By blaming someone else, she can externalize this shame and excise it. To banish it forever, all she has to do is make a different choice. And so, she reports Noelle to child services, and Ryan is removed from her care. By punishing Noelle, she is punishing the part of herself that acted under Noelle’s influence, and the transformation is immediate; suddenly, her hair is pulled back, and she’s wearing a cardigan reminiscent of the khaki-green uniform of the Aunts. She’s wringing her hands with discomfort, but she’s on the path to Aunthood. She feels that what happened between her and Jim was mortifying because it was wrong. And even though it pains her to hurt Noelle and Ryan, she has to believe she’s right, because that’s the only way she can rationalise her shame.
And like that, Aunt Lydia happened. Just in time for Gilead.
Wait, hold on. She claps on the 1 and the 3? I take it back. She was always a monster.
Callbacks and References
Do you remember Aunt Lydia’s Red Center lectures about ‘sluts’? Don’t those feel different now?
How about the time when handmaids were so determined to stick up for each other that they risked everything NOT to hurt Janine?
The pre-Gilead world — Gilead-Adjacent, if you will — has really weaponised Safeguarding and Mandatory Reporting processes, huh?
It was interesting to see the Aunts at work, pairing up handmaids with elite households like some sort of hideous matchmaking service. Also, hi there, world’s most pointless lazy susan!
And hi there to you, Gileadean racism! Haven’t seen you for a while! Some of the local households don’t want a handmaid of colour, and even though Aunt Lydia disapproves of this attitude, she still accommodates it.
The Aunts are very suspicious of the Lawrences… It is almost comical how Aunt Lydia blames the Lawrences for Emily getting all homicidal, rather than recognising anything she did to contribute to that situation. Whose fault was it?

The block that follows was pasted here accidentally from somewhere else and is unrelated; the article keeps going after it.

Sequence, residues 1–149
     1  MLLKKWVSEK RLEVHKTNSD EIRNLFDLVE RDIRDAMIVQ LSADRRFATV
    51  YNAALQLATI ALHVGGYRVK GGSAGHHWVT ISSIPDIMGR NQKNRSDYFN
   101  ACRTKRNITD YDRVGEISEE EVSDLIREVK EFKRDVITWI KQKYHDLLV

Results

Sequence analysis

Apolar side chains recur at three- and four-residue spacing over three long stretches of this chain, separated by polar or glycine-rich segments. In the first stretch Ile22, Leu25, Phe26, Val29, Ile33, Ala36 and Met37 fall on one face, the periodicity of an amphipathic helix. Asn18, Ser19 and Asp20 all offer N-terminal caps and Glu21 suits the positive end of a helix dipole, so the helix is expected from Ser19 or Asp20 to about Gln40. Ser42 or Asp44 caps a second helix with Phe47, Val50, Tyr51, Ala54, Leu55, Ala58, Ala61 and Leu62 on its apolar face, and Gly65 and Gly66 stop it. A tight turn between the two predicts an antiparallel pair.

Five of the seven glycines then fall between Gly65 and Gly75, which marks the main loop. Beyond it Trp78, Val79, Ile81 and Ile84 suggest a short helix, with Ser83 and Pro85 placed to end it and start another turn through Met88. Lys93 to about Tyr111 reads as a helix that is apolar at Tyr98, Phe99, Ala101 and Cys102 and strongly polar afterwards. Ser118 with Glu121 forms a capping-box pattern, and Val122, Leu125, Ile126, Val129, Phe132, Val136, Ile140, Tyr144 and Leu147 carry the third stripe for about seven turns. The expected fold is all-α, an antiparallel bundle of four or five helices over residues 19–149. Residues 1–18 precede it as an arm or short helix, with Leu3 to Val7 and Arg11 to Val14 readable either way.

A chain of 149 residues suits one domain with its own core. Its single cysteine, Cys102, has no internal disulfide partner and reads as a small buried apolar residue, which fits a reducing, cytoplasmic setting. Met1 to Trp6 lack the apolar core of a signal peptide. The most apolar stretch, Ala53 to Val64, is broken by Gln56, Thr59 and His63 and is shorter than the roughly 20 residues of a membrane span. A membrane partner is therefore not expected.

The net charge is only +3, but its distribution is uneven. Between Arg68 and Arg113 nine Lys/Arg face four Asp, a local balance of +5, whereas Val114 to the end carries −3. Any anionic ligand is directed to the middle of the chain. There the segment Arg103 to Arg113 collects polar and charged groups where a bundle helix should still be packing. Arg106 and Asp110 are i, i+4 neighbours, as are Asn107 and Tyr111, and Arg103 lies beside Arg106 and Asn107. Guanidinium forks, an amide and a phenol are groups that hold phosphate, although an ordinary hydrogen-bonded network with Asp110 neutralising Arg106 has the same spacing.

June spent most of the episode set apart from the rest of the handmaids. She’s barely playing along to survive any more. Although she thinks (rather foolishly) that being part of an international PR campaign grants her immunity from harm, this won’t last forever, and she’s playing with fire.
Back in Season 2, we heard about Aunt Lydia’s nephew and godson. He died after four days. “It wasn’t my fault,” she said. Episode 8 made me think of this twice — once when Ofandy’s baby was stillborn, and again when Ryan called her Aunt Lydia. How much that must have meant to her… And yet, she caused Ryan pain. She made his life colder, which is what she accused June of doing to Hannah. Was that your fault, Lydia?
It is a bold choice making June so unsympathetic this week, and even though it’s infuriating, I think it works. If the villains can be sympathetic at times, it’s interesting to flip that around. I just hope she snaps out of it soon. It’s hard when you can’t root for someone…
It’s also interesting to compare Lydia’s backstory with Serena’s. Serena was always a bitch; Lydia, not so much. Huh. Damn your brilliance, Ann Dowd.
Until next time: Don your sequins, fire up the karaoke machine and let’s sing along to ‘Islands in the Stream’! For the love of Dolly, clap on the 2 and the 4 though, or I will flag you as a psychopath. Oh no, I bet Aunt Lydia does Greased Lightning arms the wrong way as well…